They are now part of city's unique social mix

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TIME FOR CELEBRATION: The family of Glen Austin making preparations for Christmas. (Right) The former MP, J.A. Fernandez, and his wife Margaret. Photos: K. Gopinathan
TIME FOR CELEBRATION: The family of Glen Austin making preparations for Christmas. (Right) The former MP, J.A. Fernandez, and his wife Margaret. Photos: K. Gopinathan

M.V. Chandrasekhar and Sahana Charan

Anglo-Indians too have succumbed to the homogenizing force of Bangalore's IT boom

Bangalore: The city once had a large Anglo-Indian community, the second largest in the country after Kolkata. The community made its presence felt and left its mark on the city's cultural landscape. Although their numbers have dwindled, they continue to be part of the unique social mix of the city the living remnants of its faraway colonial past. Once a distinct segment of the urban milieu, Anglo-Indians of today are almost an integral part of Namma Bengalooru. Their dress, customs, dialect and manners used to set them apart from the rest of the population, but they too had to succumb to the homogenizing force of the IT boom.

There are roughly 1.25 lakh Anglo-Indians in the country. With many of the community migrating to the United Kingdom, Australia, New Zealand and Canada, there are only about 12,000 of them in Karnataka, concentrated mostly in Bangalore and KGF. Estimates put the number of Anglo-Indians abroad at around eight million.

Fluency in English

It was their fluency in English that had earned their forefathers jobs as steam locomotive drivers, guards and travelling ticket examiners when the British extended the railways network.

Alison Cabral, secretary of the All-India Anglo-Indian Association, Bangalore Branch, says there is hardly any representation of the community today in the Railways. Those days, they were an automatic choice for a Railways job, with the son taking over as soon as the father retired. "But today their representation is hardly one per cent in the Railways," he says.

With reservation for the community in the Indian Railways and other Central Government jobs being phased out in the late 1960s, Anglo-Indians are now taking up jobs in other sectors including the business process outsourcing (BPO), medicine, engineering and technical jobs such as electricians, carpenters and automobile mechanics.

"We were very good in the Railways, Post and Telegraph, armed forces, police and Customs and as nurses, teachers and stenographers. But now with higher education, Anglo-Indians are moving to other professions. The Anglo-Indians' fierce pride in their profession and integrity is well known," says J.A. Fernandez, former member of Parliament and president of the Anglo-Indian Guild here.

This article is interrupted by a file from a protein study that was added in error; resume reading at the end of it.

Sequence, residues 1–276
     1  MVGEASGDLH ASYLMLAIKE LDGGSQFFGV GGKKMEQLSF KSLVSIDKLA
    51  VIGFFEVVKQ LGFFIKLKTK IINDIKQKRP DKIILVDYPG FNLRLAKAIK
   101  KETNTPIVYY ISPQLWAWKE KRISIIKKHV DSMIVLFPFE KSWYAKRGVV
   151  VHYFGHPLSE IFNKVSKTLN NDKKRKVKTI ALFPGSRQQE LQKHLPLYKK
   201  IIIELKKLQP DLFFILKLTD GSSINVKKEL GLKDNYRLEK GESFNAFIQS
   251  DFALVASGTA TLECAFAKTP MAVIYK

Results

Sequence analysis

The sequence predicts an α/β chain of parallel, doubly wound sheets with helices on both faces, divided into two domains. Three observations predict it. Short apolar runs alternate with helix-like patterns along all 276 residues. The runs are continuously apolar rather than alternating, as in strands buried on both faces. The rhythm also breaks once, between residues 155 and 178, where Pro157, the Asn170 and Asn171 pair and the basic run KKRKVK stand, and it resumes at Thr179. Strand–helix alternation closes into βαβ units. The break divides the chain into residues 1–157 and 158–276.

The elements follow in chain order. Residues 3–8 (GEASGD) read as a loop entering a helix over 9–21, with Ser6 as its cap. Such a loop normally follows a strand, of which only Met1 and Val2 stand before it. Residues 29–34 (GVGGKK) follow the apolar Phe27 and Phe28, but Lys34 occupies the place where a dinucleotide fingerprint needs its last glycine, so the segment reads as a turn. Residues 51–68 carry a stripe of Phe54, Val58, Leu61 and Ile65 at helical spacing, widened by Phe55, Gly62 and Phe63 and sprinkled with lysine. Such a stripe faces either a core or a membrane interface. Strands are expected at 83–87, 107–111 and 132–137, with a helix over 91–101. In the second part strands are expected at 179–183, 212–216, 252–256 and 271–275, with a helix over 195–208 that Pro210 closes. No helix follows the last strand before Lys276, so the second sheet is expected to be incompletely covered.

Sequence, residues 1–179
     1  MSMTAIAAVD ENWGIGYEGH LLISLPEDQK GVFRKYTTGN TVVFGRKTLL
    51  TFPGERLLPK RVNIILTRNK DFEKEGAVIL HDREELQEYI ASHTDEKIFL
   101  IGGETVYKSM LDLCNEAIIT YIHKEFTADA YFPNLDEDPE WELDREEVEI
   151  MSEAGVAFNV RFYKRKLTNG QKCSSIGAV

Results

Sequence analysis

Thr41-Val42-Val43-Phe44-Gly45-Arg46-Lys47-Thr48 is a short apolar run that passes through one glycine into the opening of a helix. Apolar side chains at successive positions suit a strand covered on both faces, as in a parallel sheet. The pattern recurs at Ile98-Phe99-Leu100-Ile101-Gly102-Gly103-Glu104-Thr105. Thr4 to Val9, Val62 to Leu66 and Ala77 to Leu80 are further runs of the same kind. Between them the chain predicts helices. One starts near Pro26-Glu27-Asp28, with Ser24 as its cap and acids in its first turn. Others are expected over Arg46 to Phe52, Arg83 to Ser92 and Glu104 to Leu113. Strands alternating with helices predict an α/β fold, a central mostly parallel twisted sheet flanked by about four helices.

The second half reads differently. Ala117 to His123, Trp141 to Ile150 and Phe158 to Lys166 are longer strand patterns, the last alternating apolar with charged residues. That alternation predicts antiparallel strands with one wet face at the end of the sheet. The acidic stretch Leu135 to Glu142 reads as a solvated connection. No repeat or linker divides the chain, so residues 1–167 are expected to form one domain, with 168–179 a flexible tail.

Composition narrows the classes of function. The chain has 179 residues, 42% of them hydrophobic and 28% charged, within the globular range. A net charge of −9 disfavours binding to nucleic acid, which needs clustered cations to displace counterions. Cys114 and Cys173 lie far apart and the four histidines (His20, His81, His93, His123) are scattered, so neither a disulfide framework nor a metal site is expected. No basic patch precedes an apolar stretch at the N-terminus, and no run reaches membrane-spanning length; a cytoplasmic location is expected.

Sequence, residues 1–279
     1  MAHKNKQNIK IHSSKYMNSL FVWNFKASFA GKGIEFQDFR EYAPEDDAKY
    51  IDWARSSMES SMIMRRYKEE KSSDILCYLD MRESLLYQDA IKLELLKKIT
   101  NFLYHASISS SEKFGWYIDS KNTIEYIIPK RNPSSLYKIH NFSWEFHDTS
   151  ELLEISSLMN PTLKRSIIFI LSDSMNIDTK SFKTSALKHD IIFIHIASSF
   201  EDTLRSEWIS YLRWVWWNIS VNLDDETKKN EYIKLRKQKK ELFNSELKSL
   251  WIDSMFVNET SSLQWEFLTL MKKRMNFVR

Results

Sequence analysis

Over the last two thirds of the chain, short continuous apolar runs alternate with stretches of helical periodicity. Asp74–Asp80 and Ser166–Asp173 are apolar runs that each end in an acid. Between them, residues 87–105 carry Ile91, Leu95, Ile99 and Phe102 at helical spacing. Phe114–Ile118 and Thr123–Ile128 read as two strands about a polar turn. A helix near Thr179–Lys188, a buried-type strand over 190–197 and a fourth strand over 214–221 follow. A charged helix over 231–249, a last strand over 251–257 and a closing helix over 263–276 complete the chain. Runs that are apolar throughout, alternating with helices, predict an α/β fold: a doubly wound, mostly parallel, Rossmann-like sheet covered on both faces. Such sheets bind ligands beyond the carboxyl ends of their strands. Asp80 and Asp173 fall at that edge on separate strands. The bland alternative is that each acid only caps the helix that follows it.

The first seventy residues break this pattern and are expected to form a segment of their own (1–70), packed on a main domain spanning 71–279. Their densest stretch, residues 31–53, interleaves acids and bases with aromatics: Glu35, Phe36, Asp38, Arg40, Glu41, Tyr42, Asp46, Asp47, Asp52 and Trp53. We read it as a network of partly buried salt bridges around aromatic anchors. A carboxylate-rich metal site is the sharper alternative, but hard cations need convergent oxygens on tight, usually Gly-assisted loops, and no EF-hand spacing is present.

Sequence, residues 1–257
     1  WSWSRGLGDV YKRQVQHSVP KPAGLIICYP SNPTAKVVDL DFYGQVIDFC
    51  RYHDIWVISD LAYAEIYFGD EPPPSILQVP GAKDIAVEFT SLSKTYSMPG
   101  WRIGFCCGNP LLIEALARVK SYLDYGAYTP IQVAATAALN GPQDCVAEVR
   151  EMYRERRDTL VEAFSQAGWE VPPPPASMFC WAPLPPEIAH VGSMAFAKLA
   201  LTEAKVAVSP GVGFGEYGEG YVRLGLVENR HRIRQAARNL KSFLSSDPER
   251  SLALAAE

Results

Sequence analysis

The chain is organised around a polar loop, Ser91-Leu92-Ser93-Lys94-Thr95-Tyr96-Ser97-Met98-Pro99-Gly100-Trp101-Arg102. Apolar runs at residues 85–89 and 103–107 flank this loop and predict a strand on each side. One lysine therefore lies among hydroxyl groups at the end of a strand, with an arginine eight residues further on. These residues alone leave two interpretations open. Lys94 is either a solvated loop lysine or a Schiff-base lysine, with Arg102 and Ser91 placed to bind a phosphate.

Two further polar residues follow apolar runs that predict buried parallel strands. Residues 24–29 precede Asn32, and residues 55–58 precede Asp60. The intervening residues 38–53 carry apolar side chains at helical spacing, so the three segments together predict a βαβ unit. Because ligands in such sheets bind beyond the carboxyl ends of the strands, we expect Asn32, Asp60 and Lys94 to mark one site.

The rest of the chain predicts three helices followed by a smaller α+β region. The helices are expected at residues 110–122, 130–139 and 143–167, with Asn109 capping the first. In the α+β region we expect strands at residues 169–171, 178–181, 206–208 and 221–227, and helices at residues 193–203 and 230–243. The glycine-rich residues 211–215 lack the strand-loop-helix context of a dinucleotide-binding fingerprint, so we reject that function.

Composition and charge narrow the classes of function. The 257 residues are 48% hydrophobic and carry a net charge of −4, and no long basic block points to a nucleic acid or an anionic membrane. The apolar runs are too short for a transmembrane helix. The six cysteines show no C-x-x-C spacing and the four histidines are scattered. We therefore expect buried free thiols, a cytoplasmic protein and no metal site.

But the community is still proud of its past and there have been efforts to hold on to the unique identity. The 130-year-old Anglo-Indian Association of India has over 80 branches, and the Bangalore unit itself is over 80 years old with around 650 families, according Mr. Cabral.

Bangalore has its own Anglo-Indian Guild and other smaller associations with several members on their rolls. These associations try to preserve the identity of a community which is dwindling owing to integration with the local community and migration.

"Most families have migrated to Australia, Canada and the U.K.," says Mr. Cabral.

Today, there are about 10,000 of them left in the city. According to Ivan Nigli, nominated Anglo-Indian MLA, Karnataka has about 25,000 Anglo-Indians.

The community, which used to be very close-knit, is now open and with inter-caste marriages becoming common, they are beginning to blend with the local social fabric.

The Army and the Railways brought most Anglo-Indians to Bangalore from places such as Delhi, Calcutta, Madras and Kolar Gold Fields in the past, according to Mr. Cabral. Others looked at Bangalore and Whitefield as a place to roost post-retirement.

There was a time when Fraser Town and Lingarajapuram used to be called Little England and Texas. But the community has now spread out to places such as HRBR Layout, Kammanahalli, Ulsoor, Viveknagar, Indiranagar and Hutchins Road. Today, the old palatial bungalows that they once occupied are being sold to developers.

Though there are many Anglo-Indians who have now become doctors, engineers, lawyers and dentists, their traditional jobs used to be teaching and in the service industry with their ability to communicate well in English.

But when most realised they could put their fluency in English to more profitable use, they began opting for call centre jobs, like Daniel, who eventually quit the job to start his own bird breeding enterprise.


"The pay at the BPO was an attraction," says the Commerce graduate, who also worked in an export firm. "With my new venture, I wish to earn more than what I used to at the BPO," he says.

Colleen Samuel, an Anglo-Indian who runs a voluntary organisation, Divya Shanthi Trust, agrees that the community's good knowledge of English has worked in its favour.

"In Bangalore, the IT sector has given a lot to the Anglo-Indians. Those who were not so well off have now prospered because their children, with their knowledge of English and communication skills, are easily able to adapt in the BPO sector," she said.

They have made some significant contributions to life in the city and some of the prominent members of the community include former Test cricketer Roger Binny, athlete Kenneth Powell, Diana Siemis, an Olympian, footballer Carlton Chapman, Philip Woods, and model Sarah Corner, says Mr. Cabral, who himself is a State-level hockey umpire and FAPS' hockey coach.

With its distinct identity, the community finds mention in the Constitution of India, akin to Eurasians and adds to the great diversity of the nation.




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